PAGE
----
All well and good, until we get to the list of the gem lenses, their effects, and their fuel costs. In that table, just a couple of paragraphs down, we have effects for ruby, oriental emerald, diamond, sapphire, oriental amethyst, jacinth, and three special combinations. Notably absent is topaz! One of the lenses that is found with the Lanthorn isn’t one of the lenses that produces a standard effect! We are, in fact, never told what the topaz lens does, but the mere fact that it exists and it is found with the Lanthorn tells me that Iggwilv’s power came from her experiments with the Lanthorn, and that when the description of the artifact says that “no original lenses can be made” that is a false statement. The mere fact that the Lanthorn comes with an original lense demonstrates so.

And what are we told in the flyover country that is the section entitled “Reputed Magical Properties of Gems” waaaaaay at the back of Book 2? Topaz is said to ward off evil spirits. Like demons. We’re also given a list of gems and their properties that can be used to refuel the artifact. That’s just begging to be used to inform those “malfunctions” with different gem formulas for the fuel. Behold some of the ones that aren’t in the regular list of fuel-gems: chrysoberyl (protection from possession, like demons do), jacinth (luck for travelers, wards off plague, protection from fire – helpful against daemon lords and arch-devils), peridot (wards off enchantments). There’s a lot that could be used by an inventive DM.

I’m still not enamored of the adventure as a whole. There’s very little that directly ties it to the Greyhawk setting outside the Introduction. We got some nice synchronicities in the dates of Iggwilv’s fall and the end of Iuz’s expansion, and there are some hard-won hints about the Lanthorn, but on the whole the adventure seems to betray its origins as a “gilded hole” tournament adventure. Still for all of that, there are some great nuggets to be mined here. I hope you’ve enjoyed this latest deep dive as much as I have.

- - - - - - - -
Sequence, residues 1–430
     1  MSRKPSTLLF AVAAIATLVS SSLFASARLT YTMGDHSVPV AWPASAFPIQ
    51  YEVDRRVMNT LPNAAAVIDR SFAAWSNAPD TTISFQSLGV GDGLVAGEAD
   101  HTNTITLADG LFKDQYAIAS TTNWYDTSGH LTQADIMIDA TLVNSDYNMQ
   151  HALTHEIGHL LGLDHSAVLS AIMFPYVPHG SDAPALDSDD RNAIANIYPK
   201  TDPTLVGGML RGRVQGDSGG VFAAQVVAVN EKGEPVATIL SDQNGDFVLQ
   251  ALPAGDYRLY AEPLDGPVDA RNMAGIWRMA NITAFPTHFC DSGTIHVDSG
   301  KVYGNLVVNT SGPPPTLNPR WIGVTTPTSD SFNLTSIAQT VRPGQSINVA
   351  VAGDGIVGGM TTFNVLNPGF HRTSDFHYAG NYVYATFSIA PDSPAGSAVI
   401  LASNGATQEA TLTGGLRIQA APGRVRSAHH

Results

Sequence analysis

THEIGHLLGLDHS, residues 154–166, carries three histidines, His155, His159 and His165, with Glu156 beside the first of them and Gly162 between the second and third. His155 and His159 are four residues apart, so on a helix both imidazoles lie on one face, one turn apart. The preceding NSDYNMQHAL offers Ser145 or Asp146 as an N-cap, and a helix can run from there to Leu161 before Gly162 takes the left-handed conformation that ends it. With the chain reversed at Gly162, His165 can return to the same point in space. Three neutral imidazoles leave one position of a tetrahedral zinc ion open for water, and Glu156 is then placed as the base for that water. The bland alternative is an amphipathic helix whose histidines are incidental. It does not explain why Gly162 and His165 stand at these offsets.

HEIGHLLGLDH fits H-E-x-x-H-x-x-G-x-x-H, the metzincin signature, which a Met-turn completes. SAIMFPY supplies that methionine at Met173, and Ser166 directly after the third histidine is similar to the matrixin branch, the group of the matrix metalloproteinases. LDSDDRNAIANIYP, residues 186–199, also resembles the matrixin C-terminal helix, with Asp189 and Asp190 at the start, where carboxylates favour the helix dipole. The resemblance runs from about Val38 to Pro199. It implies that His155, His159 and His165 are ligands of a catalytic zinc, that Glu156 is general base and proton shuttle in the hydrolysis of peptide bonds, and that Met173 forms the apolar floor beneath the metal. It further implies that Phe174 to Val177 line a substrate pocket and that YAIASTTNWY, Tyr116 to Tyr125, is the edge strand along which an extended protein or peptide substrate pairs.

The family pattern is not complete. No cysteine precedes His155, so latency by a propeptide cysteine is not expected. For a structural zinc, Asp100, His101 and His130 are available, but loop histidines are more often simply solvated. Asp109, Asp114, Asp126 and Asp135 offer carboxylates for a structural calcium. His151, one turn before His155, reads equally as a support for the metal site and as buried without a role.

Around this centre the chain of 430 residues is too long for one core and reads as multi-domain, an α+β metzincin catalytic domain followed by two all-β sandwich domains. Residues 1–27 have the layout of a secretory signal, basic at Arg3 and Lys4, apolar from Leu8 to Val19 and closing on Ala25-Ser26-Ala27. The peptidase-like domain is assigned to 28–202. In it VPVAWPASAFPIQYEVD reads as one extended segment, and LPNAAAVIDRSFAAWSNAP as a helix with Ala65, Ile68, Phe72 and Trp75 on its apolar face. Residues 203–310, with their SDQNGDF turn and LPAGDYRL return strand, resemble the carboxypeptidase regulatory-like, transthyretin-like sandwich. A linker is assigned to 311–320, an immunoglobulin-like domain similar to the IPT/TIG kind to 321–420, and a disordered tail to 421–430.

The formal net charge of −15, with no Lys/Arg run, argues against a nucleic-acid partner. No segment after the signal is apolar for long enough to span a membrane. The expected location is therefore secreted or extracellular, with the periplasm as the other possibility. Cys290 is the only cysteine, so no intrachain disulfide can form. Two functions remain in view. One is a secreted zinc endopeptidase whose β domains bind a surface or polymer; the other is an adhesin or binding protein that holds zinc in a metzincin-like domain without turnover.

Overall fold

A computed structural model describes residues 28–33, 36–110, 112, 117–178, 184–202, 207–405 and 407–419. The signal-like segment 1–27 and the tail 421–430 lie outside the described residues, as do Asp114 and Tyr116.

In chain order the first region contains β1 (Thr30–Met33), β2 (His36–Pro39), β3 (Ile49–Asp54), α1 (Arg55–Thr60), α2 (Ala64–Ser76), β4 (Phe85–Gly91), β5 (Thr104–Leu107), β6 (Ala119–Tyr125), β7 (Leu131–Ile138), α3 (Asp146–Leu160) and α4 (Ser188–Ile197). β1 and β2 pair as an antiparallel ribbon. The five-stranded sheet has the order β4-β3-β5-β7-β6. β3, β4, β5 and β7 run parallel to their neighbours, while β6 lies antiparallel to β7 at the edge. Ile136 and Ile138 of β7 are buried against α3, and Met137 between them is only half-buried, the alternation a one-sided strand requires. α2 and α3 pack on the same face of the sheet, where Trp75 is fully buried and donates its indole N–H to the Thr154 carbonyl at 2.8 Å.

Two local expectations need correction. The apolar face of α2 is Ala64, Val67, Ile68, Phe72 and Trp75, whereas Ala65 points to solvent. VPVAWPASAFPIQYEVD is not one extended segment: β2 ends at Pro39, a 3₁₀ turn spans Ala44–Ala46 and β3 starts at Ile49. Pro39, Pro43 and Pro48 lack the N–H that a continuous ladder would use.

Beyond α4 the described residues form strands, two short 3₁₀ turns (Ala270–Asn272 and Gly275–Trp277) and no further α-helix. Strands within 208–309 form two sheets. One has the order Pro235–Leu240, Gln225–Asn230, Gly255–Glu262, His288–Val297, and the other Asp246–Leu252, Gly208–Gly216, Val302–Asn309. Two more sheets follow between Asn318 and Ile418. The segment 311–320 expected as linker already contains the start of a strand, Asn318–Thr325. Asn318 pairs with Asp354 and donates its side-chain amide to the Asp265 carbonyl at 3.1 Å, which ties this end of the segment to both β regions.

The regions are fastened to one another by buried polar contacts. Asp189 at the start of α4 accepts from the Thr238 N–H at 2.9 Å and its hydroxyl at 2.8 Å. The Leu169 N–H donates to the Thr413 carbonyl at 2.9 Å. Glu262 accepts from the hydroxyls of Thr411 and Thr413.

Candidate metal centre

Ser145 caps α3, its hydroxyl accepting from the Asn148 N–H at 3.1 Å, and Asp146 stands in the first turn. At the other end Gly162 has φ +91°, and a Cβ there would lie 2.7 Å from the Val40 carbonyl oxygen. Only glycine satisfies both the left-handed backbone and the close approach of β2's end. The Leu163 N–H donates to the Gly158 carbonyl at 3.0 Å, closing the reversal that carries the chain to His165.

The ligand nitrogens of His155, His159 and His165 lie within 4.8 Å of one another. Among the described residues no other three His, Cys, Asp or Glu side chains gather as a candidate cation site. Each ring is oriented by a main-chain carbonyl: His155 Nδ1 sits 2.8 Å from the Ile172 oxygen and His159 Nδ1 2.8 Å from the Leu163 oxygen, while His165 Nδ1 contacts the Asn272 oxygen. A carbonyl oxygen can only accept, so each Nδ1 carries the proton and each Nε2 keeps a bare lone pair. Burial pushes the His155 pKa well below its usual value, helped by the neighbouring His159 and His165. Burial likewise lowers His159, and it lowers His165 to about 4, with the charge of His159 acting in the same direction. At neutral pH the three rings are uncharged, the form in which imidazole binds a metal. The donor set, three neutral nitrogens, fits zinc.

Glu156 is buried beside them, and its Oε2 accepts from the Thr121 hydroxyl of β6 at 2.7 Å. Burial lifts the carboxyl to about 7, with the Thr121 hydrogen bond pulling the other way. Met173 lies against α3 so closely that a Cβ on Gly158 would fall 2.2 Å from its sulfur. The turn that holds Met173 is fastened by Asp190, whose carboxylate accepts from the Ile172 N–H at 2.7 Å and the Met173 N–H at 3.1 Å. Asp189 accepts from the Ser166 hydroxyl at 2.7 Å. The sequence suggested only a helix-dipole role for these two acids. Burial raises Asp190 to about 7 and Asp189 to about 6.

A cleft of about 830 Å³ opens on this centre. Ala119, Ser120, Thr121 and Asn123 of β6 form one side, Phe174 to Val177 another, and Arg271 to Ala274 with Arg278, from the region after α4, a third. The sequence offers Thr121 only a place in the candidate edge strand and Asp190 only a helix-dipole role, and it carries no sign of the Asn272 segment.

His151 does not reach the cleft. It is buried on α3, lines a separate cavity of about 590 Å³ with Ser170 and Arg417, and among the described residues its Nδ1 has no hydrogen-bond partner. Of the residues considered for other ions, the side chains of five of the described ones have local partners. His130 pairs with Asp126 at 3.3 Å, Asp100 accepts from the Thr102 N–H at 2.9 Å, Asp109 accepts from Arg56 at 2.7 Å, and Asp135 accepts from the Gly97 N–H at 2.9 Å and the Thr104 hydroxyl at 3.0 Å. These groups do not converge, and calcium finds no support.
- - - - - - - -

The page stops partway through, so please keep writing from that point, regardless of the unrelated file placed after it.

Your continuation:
Written by 

Wargamer and RPG'er since the 1970's, author of Adventures Dark and Deep, Castle of the Mad Archmage, and other things, and proprietor of the Greyhawk Grognard blog.

4 thoughts on “Looking at Lost Caverns of Tsojcanth, Part Two

  1. The topaz lens’ power is slow, per the original tourney, Joseph, but I like some of your ideas better. Also: if the Lanthorn was a significant source for Iggwilv’s power, perhaps her experimentation with the various lenses and their subsequent malfunction is what in fact freed Graz’zt in the first place? …..allan

  2. Very thoughtful analysis as always, Mr. Bloch. I found another review of the module where the author discusses some of the same issues you raise:


    He posited that the Lost Caverns are not in fact Iggwilv’s main lair, and that latter lair was the place from which the various wagonloads of treasure mentioned in the introduction were found. His view was that the Lost Caverns were more of a place where Iggwilv hid some of her most precious treasures (and it stands to reason that Tsojcanth, whoever he/she is, did the same thing-if it works for them, it works for Iggwilv too).

    That said, I do like your theory about Iggwilv using the Caverns as a lair where she could impress visitors both from surrounding human lands like Ket, and probably also visitors from other planes of existence. Maybe some of these latter visitors came through the Glowing Grotto. And given that various otherplanar creatures like genies still come here, it’s entirely possible that they were the ones who took a lot of the fine furniture Iggwilv would have filled this place with back to their own planes. Other items might have rotted away or been destroyed in the roughly 86 years since the Caverns were vacated.

    I also really like your theory about the Glowing Grotto being a portal to the demiplane where Iggwilv kept her laboratory, library and magical arcana. It might also be a way she could easily travel to meet her minions, all while keeping the exact location of her own home secret.

    As for what magic Iggwilv might have found in the Caverns to conquer Perrenland, the Lanthorn might have only been one of those artifacts. It’s entirely possible that Iggwilv might have found other magical treasures that she shared with Iuz (helping to explain the latter’s rise?) that are still in her laboratories, or that Grazz’t might have gotten his claws on before Iggwilv defeated him and which he took back to the Abyss.

    None of this would be comforting to the powers of good if they knew about it, but a wily DM could have all sorts of fun with this…

  3. What a deep analysis! And what a way to break childhood adventure memories! Just kidding. It felt as if you took a Disney movie and broke it down to pieces to see what makes no sense. The ambassador idea is a great way to imagine how the location was used in its heyday. Good stuff. I’d almost wish you next analyze S2 White Plume Mountain, but fear you might kill one of my favorites!